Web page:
The scam itself is nothing new. The scammer will post a phony ad for a rental property on craigslist or Zillow at a too good to be true price. The scammer will come up with some excuse as to why they can’t show the property and will request that you wire them a deposit. Unfortunately, the scammers are normally from overseas so prosecuting them after the fact is almost impossible as is the recovery of any money sent to the scammer. As the article from Sacramento points out, always use a check or credit card to pay for any deposits as these transactions are easier to recover if you’ve been scammed. Please don’t let your anxiety over finding shelter cloud your judgment. Always do the research before giving anyone any money for rent or deposits.

     
  • Geebo 10:16 am on November 28, 2018 Permalink | Reply
    Tags: , , Facebook, ,   

    Update on Facebook and Parliament, and Delaware suing to dissolve Backpage’s LLCs 

    Update on Facebook and Parliament, and Delaware suing to dissolve Backpage's LLCs

    First, we have a quick update on the ongoing British Parliament hearing from yesterday involving Facebook. The hearing went almost along the lines as the US Congressional hearing where Facebook CEO Mark Zuckerberg testified. A number of politicians addressed their concerns with Facebook’s privacy policies and interference by political agitators with Facebook giving little to no information in response. However, according to reports, Parliament may publish the sensitive internal documents that they’ve seized later this week. This could potentially be devastating for Facebook as the documents could show just how complicit Facebook was in allowing the Cambridge Analytica scandal to happen.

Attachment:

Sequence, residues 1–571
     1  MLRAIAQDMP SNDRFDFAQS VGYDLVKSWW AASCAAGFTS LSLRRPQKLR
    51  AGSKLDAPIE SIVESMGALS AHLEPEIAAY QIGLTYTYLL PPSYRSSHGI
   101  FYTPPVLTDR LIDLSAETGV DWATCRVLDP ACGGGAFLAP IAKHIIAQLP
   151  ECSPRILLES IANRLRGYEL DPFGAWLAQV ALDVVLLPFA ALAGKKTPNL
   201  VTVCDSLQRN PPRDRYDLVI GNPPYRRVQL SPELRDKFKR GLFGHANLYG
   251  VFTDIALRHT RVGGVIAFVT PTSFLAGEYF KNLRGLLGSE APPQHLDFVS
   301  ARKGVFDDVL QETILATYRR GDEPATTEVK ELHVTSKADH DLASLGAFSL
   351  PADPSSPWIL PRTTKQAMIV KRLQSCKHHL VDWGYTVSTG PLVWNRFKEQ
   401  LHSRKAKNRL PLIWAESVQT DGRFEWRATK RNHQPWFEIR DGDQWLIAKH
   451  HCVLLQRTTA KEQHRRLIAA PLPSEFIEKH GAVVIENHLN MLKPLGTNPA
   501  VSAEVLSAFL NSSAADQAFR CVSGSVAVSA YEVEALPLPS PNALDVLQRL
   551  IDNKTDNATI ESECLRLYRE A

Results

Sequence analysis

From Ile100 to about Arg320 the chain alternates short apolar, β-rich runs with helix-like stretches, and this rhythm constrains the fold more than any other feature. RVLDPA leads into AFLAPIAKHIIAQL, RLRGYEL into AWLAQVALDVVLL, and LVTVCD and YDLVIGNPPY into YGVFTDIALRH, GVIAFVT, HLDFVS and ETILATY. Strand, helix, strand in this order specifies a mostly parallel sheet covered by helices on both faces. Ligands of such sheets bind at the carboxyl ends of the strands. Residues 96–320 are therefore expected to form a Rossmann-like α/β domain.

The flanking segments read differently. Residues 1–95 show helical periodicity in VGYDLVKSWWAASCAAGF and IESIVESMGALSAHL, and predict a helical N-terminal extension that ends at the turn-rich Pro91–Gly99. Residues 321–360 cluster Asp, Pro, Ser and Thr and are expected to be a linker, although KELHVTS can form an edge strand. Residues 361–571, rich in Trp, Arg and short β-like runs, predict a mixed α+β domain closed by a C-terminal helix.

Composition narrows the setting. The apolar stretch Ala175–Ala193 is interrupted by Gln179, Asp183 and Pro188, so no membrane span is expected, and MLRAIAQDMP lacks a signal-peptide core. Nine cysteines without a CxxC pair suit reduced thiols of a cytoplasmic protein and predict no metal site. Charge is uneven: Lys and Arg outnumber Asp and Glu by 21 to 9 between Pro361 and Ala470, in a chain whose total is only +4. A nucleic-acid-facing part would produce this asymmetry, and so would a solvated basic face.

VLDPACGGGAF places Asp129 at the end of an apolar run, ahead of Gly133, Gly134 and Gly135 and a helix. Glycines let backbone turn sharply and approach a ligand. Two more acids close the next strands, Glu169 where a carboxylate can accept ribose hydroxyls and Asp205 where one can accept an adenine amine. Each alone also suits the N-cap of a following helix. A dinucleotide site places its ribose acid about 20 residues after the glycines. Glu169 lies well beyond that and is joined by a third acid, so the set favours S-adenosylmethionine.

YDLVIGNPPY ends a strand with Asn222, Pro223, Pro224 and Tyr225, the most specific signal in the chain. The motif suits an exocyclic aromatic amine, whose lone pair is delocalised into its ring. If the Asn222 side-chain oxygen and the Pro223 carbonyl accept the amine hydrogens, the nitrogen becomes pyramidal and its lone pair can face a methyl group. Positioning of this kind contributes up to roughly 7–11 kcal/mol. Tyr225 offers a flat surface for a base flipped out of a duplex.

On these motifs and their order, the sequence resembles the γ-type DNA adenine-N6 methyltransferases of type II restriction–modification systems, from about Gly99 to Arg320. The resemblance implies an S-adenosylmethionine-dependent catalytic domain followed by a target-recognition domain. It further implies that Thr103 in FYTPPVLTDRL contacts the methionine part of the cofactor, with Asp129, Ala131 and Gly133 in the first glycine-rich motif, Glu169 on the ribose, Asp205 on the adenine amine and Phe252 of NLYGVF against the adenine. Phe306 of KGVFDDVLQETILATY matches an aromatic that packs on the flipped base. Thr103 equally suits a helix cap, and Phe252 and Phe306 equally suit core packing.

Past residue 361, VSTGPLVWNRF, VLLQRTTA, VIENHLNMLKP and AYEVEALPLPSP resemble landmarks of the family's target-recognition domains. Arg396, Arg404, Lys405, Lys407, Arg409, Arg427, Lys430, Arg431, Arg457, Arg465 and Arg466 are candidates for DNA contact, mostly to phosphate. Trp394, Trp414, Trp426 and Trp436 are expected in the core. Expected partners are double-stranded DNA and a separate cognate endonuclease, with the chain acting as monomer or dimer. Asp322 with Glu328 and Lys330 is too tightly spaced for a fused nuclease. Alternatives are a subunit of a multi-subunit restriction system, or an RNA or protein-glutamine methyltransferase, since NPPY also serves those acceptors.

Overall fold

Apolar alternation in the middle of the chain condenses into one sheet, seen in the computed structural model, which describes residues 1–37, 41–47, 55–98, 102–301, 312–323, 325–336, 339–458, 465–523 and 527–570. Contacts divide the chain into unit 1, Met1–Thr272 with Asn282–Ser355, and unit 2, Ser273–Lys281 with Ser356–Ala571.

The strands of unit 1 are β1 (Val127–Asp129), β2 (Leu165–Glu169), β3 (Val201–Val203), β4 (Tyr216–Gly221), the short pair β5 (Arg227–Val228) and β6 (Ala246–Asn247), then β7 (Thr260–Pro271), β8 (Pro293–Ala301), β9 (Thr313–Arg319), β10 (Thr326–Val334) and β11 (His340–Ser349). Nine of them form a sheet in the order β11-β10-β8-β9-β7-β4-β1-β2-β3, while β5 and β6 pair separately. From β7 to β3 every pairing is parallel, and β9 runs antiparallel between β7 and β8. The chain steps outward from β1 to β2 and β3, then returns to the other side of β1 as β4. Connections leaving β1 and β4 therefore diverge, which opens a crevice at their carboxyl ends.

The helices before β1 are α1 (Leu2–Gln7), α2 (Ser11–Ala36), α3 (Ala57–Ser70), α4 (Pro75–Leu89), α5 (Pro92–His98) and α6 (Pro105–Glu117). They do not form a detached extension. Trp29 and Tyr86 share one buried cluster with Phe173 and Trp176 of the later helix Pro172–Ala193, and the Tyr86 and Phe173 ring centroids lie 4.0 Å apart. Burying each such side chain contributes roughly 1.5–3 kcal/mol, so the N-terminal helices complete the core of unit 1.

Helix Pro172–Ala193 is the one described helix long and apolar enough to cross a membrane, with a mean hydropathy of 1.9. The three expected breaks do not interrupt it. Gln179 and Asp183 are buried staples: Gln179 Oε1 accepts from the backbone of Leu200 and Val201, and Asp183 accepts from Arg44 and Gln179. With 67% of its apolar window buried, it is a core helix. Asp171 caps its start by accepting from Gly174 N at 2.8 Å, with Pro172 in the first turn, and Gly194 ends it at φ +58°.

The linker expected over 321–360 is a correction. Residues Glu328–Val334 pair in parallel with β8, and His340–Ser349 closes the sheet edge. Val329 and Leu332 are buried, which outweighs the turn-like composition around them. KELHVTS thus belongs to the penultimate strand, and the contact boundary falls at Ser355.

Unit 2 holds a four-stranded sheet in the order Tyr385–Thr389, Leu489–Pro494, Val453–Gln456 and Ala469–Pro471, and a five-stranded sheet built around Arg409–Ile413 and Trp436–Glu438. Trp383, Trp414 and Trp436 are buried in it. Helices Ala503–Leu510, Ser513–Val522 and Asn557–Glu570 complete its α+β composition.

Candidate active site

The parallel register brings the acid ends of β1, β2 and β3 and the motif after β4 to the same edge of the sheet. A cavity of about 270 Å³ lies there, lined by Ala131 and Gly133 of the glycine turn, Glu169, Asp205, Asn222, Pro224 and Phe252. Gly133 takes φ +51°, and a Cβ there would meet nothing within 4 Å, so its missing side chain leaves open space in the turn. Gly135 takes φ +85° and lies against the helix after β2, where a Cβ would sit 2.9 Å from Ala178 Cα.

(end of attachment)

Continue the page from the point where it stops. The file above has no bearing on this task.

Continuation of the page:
Moving on from Facebook, Backpage was back in the news again recently. As you may know, Backpage was responsible for 80% of all online human trafficking in the US by allowing thinly veiled ads for prostitution on their website. Earlier this year, Backpage was seized by the Federal Government and CEO Carl Ferrer pleaded guilty to human trafficking and money laundering charges. One of the last vestiges of Backpage’s existence was that even after their government seizure, Backpage was still incorporated in Delaware as an LLC in good standing and there was little the state government could do to change that. Now, that all seems to be changing.

    After passing a state law back in June, Delaware is now able to dissolve certain LLCs with Backpage being one of them. Last week, Delaware State Attorney General Matt Denn asked the Court of Chancery to dissolve the four LLCs that were related to Backpage. AG Denn argues that Backpage abused their “powers, privileges or existence” under state law. This lawsuit was the first one filed after the passing of the new law in June. This has far-reaching implications that affect more than just Backpage as various other shady operations have hidden under Delaware’s lax corporate tax laws. Hopefully, this means that companies like Backpage are no longer welcome in the First State.